Open access funds ‘adequate’, government maintains

Adequate funding has been allotted for universities to meet the cost of open access, the government has maintained

The comments come in a response to an inquiry by the Commons Business, Innovation and Skills committee, whose final report in September questioned aspects of the way open-access policy has been formulated.

In its response – published by the BIS committee today - the government said that universities have now received “adequate funding” from Research Councils UK to meet the cost of open access.

RCUK also responded, saying that it is “committed” to covering the costs of publishing papers resulting from research it funds.

It added that the move to open access is “a journey and not an event” and that changes to the way papers are published will occur over a transition period.

The number of papers published in the open access model will increase year-on-year, as will the as will the funding available to support article processing charges, it said.

RCUK has earmarked £17 million to create open-access publication funds for more than 100 higher education institutes in 2103-14, a move which is supported by government. This figure will rise to £20 million in 2014-15 and is on top of an initial sum of £10 million made available to 30 institutions to kick start the process.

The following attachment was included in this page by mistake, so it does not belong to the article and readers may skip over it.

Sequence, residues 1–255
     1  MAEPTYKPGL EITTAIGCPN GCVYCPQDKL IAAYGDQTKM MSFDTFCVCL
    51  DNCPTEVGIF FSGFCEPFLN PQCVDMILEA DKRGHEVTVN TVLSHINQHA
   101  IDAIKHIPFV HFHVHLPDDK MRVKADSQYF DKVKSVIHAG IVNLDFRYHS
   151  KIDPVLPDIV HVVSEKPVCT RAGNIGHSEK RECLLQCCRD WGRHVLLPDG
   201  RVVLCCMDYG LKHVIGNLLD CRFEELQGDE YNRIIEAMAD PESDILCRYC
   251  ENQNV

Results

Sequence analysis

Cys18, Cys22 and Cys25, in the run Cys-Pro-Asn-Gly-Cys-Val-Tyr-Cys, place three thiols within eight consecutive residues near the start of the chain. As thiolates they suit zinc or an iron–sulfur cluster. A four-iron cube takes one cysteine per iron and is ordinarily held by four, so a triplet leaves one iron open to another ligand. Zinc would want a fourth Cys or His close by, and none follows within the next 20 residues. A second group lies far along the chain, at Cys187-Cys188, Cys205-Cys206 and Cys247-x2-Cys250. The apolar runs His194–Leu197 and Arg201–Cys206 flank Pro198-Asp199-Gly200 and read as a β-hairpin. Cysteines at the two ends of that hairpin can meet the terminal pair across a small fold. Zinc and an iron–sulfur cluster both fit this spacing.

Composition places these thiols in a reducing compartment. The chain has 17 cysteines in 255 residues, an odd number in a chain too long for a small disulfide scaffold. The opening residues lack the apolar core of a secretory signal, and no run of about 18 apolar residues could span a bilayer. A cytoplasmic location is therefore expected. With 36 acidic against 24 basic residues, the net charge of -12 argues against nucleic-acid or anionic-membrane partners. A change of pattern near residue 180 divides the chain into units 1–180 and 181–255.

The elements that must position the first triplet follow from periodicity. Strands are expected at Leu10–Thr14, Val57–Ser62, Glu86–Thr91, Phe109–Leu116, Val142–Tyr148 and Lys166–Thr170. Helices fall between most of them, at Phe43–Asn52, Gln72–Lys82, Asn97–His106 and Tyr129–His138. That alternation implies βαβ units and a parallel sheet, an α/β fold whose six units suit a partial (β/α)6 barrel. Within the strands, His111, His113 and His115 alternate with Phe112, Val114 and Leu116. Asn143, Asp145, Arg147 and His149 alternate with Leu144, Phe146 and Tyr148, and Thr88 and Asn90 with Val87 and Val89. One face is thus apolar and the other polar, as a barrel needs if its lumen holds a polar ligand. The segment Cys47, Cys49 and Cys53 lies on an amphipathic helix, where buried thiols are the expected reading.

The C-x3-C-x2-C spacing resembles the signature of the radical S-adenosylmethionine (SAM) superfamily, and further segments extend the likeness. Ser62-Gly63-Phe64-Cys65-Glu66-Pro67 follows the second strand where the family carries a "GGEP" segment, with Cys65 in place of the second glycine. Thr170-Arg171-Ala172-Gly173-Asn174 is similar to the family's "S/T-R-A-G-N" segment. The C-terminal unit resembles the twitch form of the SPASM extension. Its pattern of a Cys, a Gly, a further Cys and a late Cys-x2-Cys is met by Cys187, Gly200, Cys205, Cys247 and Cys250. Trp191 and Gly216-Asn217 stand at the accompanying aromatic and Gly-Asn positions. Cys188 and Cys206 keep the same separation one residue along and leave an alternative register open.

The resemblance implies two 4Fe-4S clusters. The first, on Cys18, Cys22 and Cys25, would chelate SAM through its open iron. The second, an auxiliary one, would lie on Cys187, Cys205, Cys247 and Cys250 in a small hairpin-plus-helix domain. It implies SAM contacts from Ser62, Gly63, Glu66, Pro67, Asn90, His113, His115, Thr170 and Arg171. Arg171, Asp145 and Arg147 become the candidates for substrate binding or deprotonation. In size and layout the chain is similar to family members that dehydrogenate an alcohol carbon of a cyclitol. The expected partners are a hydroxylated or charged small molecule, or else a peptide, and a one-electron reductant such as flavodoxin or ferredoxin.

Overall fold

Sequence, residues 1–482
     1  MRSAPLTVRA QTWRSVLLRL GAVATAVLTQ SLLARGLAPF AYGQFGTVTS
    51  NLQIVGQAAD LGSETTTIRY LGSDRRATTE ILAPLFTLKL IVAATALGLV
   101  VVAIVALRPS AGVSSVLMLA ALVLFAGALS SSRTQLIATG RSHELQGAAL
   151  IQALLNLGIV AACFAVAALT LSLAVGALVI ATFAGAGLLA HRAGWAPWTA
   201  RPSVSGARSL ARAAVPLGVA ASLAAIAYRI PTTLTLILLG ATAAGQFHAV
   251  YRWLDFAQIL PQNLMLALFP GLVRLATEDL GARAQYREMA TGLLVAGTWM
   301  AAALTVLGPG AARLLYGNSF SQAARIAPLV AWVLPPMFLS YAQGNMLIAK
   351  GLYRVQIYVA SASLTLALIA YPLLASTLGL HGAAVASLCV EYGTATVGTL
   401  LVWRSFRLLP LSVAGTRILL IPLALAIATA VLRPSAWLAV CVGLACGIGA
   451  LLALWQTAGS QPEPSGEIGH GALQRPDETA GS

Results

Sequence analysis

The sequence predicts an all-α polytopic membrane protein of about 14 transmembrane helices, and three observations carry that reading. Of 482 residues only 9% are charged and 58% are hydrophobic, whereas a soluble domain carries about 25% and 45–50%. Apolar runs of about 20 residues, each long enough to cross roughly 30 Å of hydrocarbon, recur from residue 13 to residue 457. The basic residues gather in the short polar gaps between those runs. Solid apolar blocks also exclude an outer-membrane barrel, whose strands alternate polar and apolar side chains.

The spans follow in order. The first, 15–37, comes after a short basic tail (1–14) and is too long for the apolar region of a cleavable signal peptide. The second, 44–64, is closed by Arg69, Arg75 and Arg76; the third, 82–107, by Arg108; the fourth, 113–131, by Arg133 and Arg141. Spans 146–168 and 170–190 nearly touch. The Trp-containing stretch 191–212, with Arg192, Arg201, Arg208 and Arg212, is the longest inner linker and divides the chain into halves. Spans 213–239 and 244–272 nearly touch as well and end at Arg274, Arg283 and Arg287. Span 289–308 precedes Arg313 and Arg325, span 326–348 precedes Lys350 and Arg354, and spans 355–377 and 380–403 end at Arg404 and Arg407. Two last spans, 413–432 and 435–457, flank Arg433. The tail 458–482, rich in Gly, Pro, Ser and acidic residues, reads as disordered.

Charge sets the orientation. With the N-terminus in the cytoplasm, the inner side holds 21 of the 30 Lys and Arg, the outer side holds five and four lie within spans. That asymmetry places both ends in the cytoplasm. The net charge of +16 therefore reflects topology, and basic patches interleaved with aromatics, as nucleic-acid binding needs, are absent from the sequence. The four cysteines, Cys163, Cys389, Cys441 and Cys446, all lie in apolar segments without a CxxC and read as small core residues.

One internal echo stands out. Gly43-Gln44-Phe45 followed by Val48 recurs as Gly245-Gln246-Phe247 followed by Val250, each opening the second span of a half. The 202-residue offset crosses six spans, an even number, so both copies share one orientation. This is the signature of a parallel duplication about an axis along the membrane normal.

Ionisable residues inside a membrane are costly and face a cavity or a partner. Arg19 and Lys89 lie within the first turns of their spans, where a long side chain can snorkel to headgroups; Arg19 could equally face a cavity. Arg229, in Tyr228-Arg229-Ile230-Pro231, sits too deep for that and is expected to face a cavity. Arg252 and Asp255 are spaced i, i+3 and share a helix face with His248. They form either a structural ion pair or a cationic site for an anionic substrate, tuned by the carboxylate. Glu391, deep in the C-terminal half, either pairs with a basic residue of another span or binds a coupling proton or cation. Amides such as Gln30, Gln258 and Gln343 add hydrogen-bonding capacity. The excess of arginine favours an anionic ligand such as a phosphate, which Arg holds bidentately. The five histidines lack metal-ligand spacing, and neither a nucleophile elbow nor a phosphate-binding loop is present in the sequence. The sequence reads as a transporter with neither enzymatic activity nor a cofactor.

The body added that it was “disappointed” that some institutions, including the Russell Group, are continuing to say that it is only providing enough funding to cover 10 per cent of papers produced in 2013-14.

“Whilst this is technically correct, it refers to 10 per cent of total papers produced by an institution, and not 10 per cent of those funded by RCUK,” the statement said.

RCUK admitted that the figures are based on “estimates and assumptions” but said that it “had to start somewhere”.

Already registered?

Sign in now if you are already registered or a current subscriber. Or subscribe for unrestricted access to our digital editions and iPad and iPhone app.

Register to continue  

You've enjoyed reading five THE articles this month. Register now to get five more, or subscribe for unrestricted access.

Most Commented

  • Elly Walton illustration (16 July 2015)

Whether in jest or not, sexist language shows an insensitivity to gender issues at odds with academic values, argues Dorothy Bishop

  • Tony Little, Eton College headmaster, 2007

Tony Little points to ‘increasing gap’ between teaching standards at sixth form and university

  • Tourists in rubber rings and flippers ready for snorkeling class

Dress to impress if you want students in your corner, claims US study

  • gold on scales

£246 million is big money but it is probably much less than the hit the research budget would take if the REF did not exist, says Paul Jump